The study is first of its kind to assess the perception and satisfaction of patients towards laboratory malaria diagnosis service in selected Health facilities of Awi zone, North West Ethiopia, and revealed an overall single item based patient satisfaction rate of 90.7 % which is somewhat similar with the findings of Derua et al. who reported 90.0 % in Tanzania [10]. When compared with available figures reported on satisfaction for the general and ART laboratory services from eastern Ethiopia and Addis Ababa, respectively, the rate of satisfaction in the current study was higher than the study conducted in eastern Ethiopia on general laboratory service [15] and study done in public hospitals in Addis Ababa on ART service [16] probably due to population difference.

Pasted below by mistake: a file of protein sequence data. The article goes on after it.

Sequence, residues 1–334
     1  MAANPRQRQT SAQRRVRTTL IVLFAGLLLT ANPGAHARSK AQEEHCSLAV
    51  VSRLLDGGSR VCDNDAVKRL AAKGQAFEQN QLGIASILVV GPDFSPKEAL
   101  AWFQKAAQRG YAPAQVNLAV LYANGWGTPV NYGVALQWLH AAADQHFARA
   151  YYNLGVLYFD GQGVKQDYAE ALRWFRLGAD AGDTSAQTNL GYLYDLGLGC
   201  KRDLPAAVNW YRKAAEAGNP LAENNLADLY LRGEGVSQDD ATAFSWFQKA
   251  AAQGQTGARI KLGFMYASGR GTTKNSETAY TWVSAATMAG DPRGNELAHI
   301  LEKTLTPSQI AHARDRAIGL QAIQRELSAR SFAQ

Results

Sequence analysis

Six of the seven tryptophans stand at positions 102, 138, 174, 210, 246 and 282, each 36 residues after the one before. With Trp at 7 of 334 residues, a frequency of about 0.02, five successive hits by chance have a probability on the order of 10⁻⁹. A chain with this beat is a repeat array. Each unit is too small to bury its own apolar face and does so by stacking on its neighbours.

In this study, the indigenous ethnicities, Awi, were more satisfied than Amhara unlike a study conducted in Trinidad and Tobago which indicated that ethnicity had no influence on the degree of patient’s perception and satisfaction towards health care service [13]. This is probably due to the fact that the majority of the respondents were Awis, and Amharas were immigrants who had higher expectations. Lending support to this finding, patients from rural residence were more satisfied in the service than urban residents and the finding is inconsistent with the study conducted in eastern Ethiopia where they observed urban residents were more satisfied than their rural counterparts [15], probably due to population differences.